USERS GUIDE

Permission Rights Model

While Catenis uses the public Bitcoin blockchain, it has incorporated a robust access control and permissions rights system within its second layer technology. Customers have the convenience of applying access control, allowing and denying access across all of its connected applications and devices. The ability to set the permission of decentralized endpoints is a key differentiator that this technology brings to an open auditable ledger. Catenis brings functionality typically associated with closed private blockchains to the world’s most powerful and proven public blockchain while providing all the regulatory needs of an Enterprise application.

A controlling device (the device that initiates a message transmission) can designate how and which devices (controlled devices) are allowed or denied interactions with it based on permission events. System events in the context of the permission layer are called permission events.

Customers can use this permission system to restrict communication to a single device, groups of devices, company or network-wide. Larger trusted connected systems can be built to include outside partners and customers as well.

Permission Events

Permission events are specific actions that can be either allowed or denied. All permissions events are set on the device you want to allow or deny interactions with. This device is referred to as being the subject device or controlling device (the device that controls what can or cannot be done to it) and sets its permission as to which other virtual devices can or cannot interact with it. The following permission events are currently defined:

  1. Receive-notify-new-msg – Receive notification of a new message from a device
  2. Receive-notify-msg-read – Receive notification of message read by a device
  3. Receive-notify-asset-of – Receive notification of asset received for assets issued by a device
  4. Receive-notify-asset-from – Receive notification of asset received from a device
  5. Receive-notify-confirm-asset-of – Receive notification of confirmation of pending asset issued by a device
  6. Receive-notify-confirm-asset-from – Receive notification of confirmation of pending asset transferred by a device
  7. Send-read-msg-confirm – Send read message confirmation to a device
  8. Receive-msg – Receive messages from a device
  9. Disclose-main-props – Disclose device’s main properties (name, product unique ID) to a device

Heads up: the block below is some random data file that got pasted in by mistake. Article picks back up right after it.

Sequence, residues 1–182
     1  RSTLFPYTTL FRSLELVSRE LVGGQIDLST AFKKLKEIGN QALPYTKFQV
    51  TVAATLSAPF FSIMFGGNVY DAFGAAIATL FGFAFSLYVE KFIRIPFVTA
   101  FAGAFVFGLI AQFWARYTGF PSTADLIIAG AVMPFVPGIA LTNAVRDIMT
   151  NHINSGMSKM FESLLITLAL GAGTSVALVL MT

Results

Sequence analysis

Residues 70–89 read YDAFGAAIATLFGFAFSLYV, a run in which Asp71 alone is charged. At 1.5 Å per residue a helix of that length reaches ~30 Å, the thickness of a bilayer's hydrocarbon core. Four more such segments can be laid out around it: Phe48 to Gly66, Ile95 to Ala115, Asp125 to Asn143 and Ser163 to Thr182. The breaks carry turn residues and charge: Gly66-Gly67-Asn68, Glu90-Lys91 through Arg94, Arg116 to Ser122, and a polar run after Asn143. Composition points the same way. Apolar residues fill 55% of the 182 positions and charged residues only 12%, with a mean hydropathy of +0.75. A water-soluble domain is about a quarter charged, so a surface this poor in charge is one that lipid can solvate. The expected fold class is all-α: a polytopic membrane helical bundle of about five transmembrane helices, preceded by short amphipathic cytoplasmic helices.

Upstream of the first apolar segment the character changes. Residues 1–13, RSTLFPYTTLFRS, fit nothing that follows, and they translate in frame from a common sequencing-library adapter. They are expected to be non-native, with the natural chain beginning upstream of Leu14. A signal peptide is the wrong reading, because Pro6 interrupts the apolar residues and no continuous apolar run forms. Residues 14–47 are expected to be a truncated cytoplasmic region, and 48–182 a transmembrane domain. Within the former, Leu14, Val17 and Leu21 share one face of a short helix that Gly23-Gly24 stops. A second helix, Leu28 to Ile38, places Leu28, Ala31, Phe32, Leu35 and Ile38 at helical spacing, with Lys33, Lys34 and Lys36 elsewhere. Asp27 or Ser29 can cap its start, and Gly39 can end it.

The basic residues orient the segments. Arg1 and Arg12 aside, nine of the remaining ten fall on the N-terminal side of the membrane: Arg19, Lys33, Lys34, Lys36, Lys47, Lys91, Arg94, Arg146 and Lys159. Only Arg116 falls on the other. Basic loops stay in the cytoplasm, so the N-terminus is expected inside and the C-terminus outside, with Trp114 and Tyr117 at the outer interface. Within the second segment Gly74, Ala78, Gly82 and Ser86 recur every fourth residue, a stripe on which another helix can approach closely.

10. Disclose-identity-info – Disclose device’s basic identification information to a device
  11. Receive-asset-of – Receive an amount of an asset issued by a device
  12. Receive-asset-from – Receive an amount of an asset from a device

Permission Right Levels

All right across permission events can be set to either “allow” or “deny” at 4 different levels. Setting permission rights at a higher level will affect all devices within the context of that level. For example, permissions set at the node level will affect all devices across all clients within that node.

  1. System-level: controls permissions rights across the entire Catenis network where the default permission rights are defined.
  2. Catenis Node level: controls the permission rights for all devices that belong to all clients defined for that Catenis node. Catenis nodes are computers referred to as either “hubs” or “gateways”. Each hub or gateway has a specific index number. If you are using our cloud implementation the index number is always 0.
  3. Client Level: controls the permission rights for all devices that belong to this client. Clients are Catenis system entities within a Catenis node. A Hub or gateway, for instance, may have one or more clients.
  4. Virtual Device level: controls the permission rights for specific virtual device

How Permissions are Evaluated

Setting permission rights at a higher level will affect how all virtual devices within the context of that level and levels below it can or cannot interact with the subject device. For example, permissions set at the node level will affect all devices across all clients within that node. However, the system evaluates permissions giving precedent to the more granular levels over the very broad system level. The system first looks to see if a device is allowed or denied permission for a permission event at the device level. If there are no permissions set then it evaluates the next level which is the Client level, then the Catenis node level, and finally the System level. Keep in mind that within this hierarchy it is possible to set what seems to be (yet are not) conflicting permissions. This is because permissions that are set at a more granular level will always override what is set at a higher level.

Example

Let’s review an example: You may set the “receive-asset-from” permission event for virtual device A to “deny” for all devices at the Catenis Node Level. This means virtual device A will not be able to receive any assets from any device that is part of that Catenis node. However, if you had previously set the same “receive-asset-from” permission event for virtual device B at the Virtual Device Level to “allow”, then device A will be allowed to receive assets from device B even though device B is part of the same Catenis node you recently denied access to all devices. Always review granular permissions for each event before setting permissions more broadly. If ever in doubt use the “check effective permission right” node using the subject device to connect and supplying the device ID of the device that is attempting to execute a permission event with the subject device.

For detailed specifications on the Permission Rights API and associated methods see the latest release of the Catenis developer documentation here: https://catenis.com/docs/api/0.9/?php#set-permission-rights

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